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The Legal Dimensions of Oil and Gas in Iraq


Auteur : Rex J. Zedalis
Éditeur : Cambridge University Press Date & Lieu : 2009, Cambridge
Préface : R. Dobie Langenkamp Pages : 335
Traduction : ISBN : 978-0-521-76661-6
Langue : AnglaisFormat : 145x230 mm
Thème : Politique

Présentation
Table des Matières Introduction Identité PDF
The Legal Dimensions of Oil and Gas in Iraq

The Legal Dimensions of Oil and Gas in Iraq: Current Reality and Future Prospects

This book is the first and only comprehensive examination of current and future legal principles designed to govern oil and gas activity in Iraq. This study provides a thorough-going review of every conceivable angle on Iraqi oil and gas law, from relevant provisions of the Iraqi Constitution of 2005; to legislative measures comprising the oil and gas framework law, the revenuesharing law, and the laws to reconstitute the Iraq National Oil Company and reorganize the Ministry of Oil; to the Kurdistan Regional Government’s 2007 Oil and Gas Law No. (22) and its accompanying Model Production Sharing Contract; and to the apposite rules of international law distilled from both controlling UN resolutions addressing Iraq and more generally applicable principles of international law. This text is essential to the reading collection of every practitioner, business executive, government official, academic, public policy maven, and individual citizen with an interest in the details and controversial aspects of Iraqi energy law.


FOREWORD

As any lawyer knows, the law is not only illusive but transitory. To define it at one point-in-time is to attempt to put a living thing under the lens. This is particularly so with law in Iraq, a country not only in turmoil and transition, but in formation; a country poised between autarchy and democracy, between dictatorship and the rule of law. Despite the troop “surge,” sectarian violence continues and the viability of the Iraqi Central Government itself is not assured when U.S. troops finally depart. Some in government seek to right the wrongs to their brand of the faith over the last decades; others attempt to regain prewar dominance; yet another group seeks to establish an Iranian-style theocracy. Many want only to attain personal wealth in this turbulent era.

Into this maelstrom steps Professor Rex J. Zedalis to detail and discuss the developing oil and gas law of this troubled nation. Rather than decry or be intimidated by this volatile and transitory state of affairs, Zedalis has proceeded to outline the current state of the oil and gas law in Iraq and its various possible futures with a perceptiveness and thoroughness that is admirable if not astounding.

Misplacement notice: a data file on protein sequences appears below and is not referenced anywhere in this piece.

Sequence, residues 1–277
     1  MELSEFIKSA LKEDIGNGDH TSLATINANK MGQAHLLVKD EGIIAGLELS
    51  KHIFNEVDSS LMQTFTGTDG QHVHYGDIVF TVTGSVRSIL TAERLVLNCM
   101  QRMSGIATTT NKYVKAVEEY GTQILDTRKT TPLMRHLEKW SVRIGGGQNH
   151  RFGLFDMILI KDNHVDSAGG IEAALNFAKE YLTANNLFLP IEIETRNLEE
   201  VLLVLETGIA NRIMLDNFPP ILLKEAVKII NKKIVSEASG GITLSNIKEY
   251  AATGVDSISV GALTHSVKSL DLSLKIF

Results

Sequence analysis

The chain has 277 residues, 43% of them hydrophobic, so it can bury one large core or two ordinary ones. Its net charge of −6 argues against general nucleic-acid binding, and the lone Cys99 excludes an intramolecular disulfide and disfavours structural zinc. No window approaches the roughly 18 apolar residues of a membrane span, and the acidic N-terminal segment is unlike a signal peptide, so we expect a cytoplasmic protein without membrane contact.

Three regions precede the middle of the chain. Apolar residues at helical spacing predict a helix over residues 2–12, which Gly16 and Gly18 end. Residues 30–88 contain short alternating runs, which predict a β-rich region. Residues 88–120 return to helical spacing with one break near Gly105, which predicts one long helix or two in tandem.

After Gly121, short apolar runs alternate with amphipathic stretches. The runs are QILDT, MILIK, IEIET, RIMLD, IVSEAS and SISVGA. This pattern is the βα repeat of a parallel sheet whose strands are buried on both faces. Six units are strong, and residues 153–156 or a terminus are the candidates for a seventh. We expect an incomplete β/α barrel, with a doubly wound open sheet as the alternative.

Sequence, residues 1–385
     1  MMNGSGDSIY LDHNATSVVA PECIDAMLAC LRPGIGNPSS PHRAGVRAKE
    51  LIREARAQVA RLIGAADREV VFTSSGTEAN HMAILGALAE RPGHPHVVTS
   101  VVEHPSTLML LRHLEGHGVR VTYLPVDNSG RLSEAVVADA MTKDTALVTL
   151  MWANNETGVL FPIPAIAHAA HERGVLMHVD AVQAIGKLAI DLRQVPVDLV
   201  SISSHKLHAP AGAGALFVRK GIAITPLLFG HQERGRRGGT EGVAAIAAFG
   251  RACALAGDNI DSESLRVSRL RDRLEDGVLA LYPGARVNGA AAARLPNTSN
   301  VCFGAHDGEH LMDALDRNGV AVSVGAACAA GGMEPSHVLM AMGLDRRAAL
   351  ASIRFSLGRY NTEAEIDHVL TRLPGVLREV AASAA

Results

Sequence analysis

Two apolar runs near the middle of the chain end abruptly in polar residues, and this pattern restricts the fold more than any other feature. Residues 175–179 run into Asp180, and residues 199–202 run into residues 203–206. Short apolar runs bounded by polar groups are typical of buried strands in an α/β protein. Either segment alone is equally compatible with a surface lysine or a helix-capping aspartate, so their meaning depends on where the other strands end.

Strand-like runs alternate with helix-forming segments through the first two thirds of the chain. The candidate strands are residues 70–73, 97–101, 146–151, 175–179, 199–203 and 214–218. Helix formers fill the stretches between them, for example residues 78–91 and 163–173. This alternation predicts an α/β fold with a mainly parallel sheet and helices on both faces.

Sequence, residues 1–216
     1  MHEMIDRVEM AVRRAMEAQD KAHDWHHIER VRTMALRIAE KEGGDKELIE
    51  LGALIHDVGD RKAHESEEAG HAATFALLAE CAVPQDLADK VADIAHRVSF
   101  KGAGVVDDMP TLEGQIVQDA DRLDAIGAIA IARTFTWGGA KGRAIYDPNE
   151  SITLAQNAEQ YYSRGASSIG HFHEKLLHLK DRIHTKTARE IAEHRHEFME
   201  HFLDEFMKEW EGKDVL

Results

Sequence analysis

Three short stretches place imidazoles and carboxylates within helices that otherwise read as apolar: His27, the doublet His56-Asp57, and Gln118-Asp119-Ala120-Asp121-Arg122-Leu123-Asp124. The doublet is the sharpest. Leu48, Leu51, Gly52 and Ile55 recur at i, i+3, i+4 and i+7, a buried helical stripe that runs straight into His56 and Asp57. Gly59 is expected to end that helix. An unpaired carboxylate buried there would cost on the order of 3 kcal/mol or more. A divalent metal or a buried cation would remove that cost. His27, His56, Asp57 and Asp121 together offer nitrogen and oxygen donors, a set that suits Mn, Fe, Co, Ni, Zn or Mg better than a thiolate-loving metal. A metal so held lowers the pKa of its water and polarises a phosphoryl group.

The author faces another unique challenge. For more than a year, the Iraqi framework oil and gas law, thought to be a hard-won consensus between factions, has languished unadopted, yet unrejected. The end of this legal purgatory into which this law was cast in February 2007 cannot be predicted. Furthermore, the current state of the statute can only be partially relied upon to indicate the state of Iraqi oil and gas law in the future. Although it is clear that this pending statute contains many elements that will eventually find their way into the law that is settled upon, it is also clear that some will not. It is also known that sentiment for a substantial change in the Iraqi Constitution itself is not insignificant.

Since February 2007, the political middle ground seems to have shifted a bit, making it likely that the now-pending framework law will be changed. Word on the street, as it were, for the past 18 months is that there is a grand compromise brewing. During this period of stalemate on the framework law, much has occurred. The Kurds have signed more than two dozen production-sharing contracts, and the Central Government has declared them to be unlawful. At the same time, the Central Government has unsuccessfully attempted to negotiate technical service agreements with major international oil companies (IOCs), but has entered tentative service agreements only with the Chinese and the Indians. The Status of Forces Agreement with the United States has been reached, setting forth a deadline for withdrawal. This withdrawal, and the end of the UN resolutions supporting U.S. presence, will usher in another new era in Iraq. Basra now seems to be seeking status as a region on par with the KRG. Sectarian violence seems to have subsided only to remain barely below the surface...

R. Dobie Langenkamp
Former Professor of Law and Director
National Energy Law and Policy Institute
Former Deputy Assistant Secretary
U.S. Department of Energy
Consultant to the U.S. Department of
Energy on Iraqi Energy Law
December 2008




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